It’s no walk in the park to get a job these days. With 2.2
million jobs lost since 2001 and the Michigan unemployment rate at
more than 7 percent, many seniors searching for jobs are still
ogling the employment pages of newspapers, hoping one of the ads
will lead them to the ultimate payoff of college education: their
first full-time professional job.

But many also realize they might not have a job in their
preferred career by graduation.

LSA senior Genevieve Marino reluctantly accepted this
possibility after sending out more than 500 resumes, only to get
back dozens of rejection letters in return and a few
“B-rate” job offers. “It’s the most
frustrating thing ever. There are no other words to describe it
except frustration,” Marino said.

Unfortunately, students’ frustrations probably won’t
be relieved anytime soon. According to recent studies, this
year’s graduating seniors can expect slightly better job
prospects than last year since companies are slowly hiring more
college graduates.

Yet, despite these increases in hiring, the reports and experts
also warn graduating seniors they will still struggle to find jobs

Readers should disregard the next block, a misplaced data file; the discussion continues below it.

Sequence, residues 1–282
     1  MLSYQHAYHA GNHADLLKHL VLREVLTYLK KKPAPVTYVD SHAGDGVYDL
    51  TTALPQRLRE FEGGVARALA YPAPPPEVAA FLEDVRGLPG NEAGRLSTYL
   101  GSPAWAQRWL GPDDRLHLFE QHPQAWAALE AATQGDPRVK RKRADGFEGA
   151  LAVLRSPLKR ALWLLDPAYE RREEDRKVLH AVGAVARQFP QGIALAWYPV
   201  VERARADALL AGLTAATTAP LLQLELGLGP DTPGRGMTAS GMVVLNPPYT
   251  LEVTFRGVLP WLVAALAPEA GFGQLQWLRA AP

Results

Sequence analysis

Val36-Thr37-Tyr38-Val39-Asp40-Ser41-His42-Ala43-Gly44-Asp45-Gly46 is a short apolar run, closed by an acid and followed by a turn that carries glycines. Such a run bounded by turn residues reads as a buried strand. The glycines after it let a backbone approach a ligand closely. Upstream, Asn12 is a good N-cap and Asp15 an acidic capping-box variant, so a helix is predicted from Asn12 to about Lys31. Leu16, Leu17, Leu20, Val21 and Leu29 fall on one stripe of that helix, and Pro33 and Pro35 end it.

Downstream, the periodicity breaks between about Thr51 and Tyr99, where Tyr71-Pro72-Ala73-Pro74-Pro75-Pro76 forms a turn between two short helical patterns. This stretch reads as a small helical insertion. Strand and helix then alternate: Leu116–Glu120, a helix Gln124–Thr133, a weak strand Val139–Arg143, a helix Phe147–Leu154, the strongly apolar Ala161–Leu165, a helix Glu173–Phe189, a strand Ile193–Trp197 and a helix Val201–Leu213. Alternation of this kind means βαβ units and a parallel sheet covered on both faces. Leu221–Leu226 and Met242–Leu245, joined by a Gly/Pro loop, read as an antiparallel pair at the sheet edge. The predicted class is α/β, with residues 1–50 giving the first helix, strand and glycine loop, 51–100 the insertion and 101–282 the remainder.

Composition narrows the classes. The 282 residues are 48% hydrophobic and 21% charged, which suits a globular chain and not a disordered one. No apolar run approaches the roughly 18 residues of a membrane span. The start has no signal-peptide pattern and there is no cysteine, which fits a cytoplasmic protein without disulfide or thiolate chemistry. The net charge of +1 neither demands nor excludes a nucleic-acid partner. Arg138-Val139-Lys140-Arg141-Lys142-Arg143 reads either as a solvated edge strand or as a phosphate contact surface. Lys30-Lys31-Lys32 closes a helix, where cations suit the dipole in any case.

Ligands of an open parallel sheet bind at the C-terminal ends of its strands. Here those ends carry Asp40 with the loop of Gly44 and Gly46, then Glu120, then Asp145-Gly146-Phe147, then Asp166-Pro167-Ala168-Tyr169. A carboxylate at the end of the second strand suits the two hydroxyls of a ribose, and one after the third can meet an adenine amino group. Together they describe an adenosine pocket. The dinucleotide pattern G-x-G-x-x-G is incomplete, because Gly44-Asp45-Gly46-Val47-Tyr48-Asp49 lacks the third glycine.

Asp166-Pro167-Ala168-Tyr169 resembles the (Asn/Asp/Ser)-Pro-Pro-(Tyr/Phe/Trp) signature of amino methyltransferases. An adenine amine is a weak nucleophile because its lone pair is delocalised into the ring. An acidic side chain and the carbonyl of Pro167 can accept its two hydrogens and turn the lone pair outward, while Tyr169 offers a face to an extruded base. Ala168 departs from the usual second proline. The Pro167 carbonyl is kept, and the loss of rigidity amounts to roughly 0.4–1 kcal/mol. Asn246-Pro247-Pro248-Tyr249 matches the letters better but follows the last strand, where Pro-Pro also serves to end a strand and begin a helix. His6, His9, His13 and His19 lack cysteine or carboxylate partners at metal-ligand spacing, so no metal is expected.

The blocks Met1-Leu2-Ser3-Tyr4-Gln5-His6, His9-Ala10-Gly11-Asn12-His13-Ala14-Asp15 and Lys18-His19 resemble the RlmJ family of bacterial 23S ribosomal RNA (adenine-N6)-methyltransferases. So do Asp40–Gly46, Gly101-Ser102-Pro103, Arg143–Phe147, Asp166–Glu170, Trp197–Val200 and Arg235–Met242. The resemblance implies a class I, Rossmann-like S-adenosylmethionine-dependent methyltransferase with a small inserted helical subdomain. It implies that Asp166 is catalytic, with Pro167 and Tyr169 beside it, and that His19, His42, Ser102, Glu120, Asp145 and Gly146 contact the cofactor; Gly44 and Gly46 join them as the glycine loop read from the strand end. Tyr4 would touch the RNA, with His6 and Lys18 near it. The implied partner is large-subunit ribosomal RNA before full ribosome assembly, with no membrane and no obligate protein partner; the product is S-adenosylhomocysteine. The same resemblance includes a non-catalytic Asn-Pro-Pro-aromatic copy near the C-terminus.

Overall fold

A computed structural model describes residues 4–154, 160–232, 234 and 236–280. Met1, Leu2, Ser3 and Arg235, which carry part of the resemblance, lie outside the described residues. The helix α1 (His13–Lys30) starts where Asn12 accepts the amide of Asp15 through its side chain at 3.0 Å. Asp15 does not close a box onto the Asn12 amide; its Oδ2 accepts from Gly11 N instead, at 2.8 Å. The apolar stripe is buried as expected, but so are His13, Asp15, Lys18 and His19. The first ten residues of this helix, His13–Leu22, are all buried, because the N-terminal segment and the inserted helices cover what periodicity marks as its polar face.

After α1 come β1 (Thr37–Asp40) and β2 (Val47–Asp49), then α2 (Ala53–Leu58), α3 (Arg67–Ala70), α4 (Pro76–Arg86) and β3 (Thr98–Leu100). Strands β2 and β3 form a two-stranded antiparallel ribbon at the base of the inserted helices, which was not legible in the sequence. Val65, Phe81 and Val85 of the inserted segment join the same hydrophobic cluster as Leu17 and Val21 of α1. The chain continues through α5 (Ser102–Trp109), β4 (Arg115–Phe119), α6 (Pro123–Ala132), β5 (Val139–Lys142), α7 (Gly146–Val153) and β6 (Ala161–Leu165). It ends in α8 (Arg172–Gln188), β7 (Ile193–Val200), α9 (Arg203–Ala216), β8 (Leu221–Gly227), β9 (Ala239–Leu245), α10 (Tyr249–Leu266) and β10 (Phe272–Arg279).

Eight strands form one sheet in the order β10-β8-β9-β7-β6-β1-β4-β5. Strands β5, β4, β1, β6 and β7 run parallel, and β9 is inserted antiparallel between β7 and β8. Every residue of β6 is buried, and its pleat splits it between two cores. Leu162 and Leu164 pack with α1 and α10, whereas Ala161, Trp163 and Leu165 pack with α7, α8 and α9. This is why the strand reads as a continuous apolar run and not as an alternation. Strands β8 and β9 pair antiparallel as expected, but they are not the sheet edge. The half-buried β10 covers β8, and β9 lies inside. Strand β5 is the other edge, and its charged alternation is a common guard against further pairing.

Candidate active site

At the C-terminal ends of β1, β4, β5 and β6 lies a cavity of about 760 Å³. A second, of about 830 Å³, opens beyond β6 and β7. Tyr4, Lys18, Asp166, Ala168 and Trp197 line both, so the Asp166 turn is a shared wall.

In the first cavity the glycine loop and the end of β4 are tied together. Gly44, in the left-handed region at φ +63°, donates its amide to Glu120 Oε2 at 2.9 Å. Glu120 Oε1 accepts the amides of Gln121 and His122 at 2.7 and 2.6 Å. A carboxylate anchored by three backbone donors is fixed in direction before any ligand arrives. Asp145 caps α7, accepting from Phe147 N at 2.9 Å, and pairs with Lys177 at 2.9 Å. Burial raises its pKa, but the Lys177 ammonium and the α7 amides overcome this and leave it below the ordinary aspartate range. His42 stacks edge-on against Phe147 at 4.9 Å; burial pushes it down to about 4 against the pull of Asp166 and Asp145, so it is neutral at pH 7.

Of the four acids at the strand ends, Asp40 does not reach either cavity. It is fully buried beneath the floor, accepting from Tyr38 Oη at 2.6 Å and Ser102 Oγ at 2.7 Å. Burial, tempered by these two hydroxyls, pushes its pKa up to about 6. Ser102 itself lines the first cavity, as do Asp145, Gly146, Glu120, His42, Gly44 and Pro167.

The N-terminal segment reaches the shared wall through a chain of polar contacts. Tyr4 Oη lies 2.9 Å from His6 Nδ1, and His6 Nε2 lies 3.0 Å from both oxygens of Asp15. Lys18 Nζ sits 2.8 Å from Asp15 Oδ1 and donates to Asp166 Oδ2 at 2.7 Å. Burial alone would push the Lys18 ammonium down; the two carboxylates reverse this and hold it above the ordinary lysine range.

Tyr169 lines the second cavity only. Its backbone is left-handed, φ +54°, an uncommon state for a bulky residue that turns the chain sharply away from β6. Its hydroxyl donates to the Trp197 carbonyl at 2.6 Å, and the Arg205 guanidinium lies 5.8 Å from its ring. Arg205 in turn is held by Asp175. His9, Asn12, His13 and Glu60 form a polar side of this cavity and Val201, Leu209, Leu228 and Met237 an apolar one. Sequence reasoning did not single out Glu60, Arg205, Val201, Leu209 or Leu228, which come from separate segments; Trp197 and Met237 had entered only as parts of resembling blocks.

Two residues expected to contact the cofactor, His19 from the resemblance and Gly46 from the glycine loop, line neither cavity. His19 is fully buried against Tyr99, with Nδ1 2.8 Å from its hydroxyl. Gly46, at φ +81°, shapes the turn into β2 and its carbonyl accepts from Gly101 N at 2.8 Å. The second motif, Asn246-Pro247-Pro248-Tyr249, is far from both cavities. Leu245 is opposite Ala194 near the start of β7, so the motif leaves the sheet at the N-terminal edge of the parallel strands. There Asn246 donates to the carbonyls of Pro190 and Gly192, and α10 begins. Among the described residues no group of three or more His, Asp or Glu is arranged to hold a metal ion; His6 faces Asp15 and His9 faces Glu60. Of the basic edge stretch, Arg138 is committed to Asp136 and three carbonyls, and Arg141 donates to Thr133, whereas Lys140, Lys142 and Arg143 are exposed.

as they see no easy ways to get ahead in today’s tough job
market.

Two studies focused on college hiring in 2003 and 2004 predicted
increases in hiring of college graduates.

One study, by National Association of Colleges and Employers
study foresees a 12.7 percent rise in college graduate hiring from
last year, while another study by Michigan State University study
showed a less optimistic forecast in hiring for this year,
predicting an increase from 3 to 8 percent for graduates with
bachelor’s degrees.

But both reports also stress that the number of jobs available
still cannot accommodate the higher number of job searchers holding
college degrees.

Economics Prof. Matthew Shapiro said while the economy has
gained ground, job growth is still too sluggish to warrant any
significant change in the job market. “Most forecasts have
shown that this year’s prospects are better, but it will
still take some time for people to be absorbed into the job
market,” he said.

Shapiro said the job market will still be challenging for
seniors not only because the increase in hiring still isn’t
great enough, but also because of strong competition. “In
addition to competing with other new college graduates, they will
have to compete with the clog of workers who have been trying to
find work since the recession,” he added.

But competition is only one of the major factors contributing to
the tight job market. Michigan State researcher and college hiring
recruitment trends expert Phil Gardner said current job creation
has been geared more toward providing jobs for low-income workers,
rather than for college degree holders.

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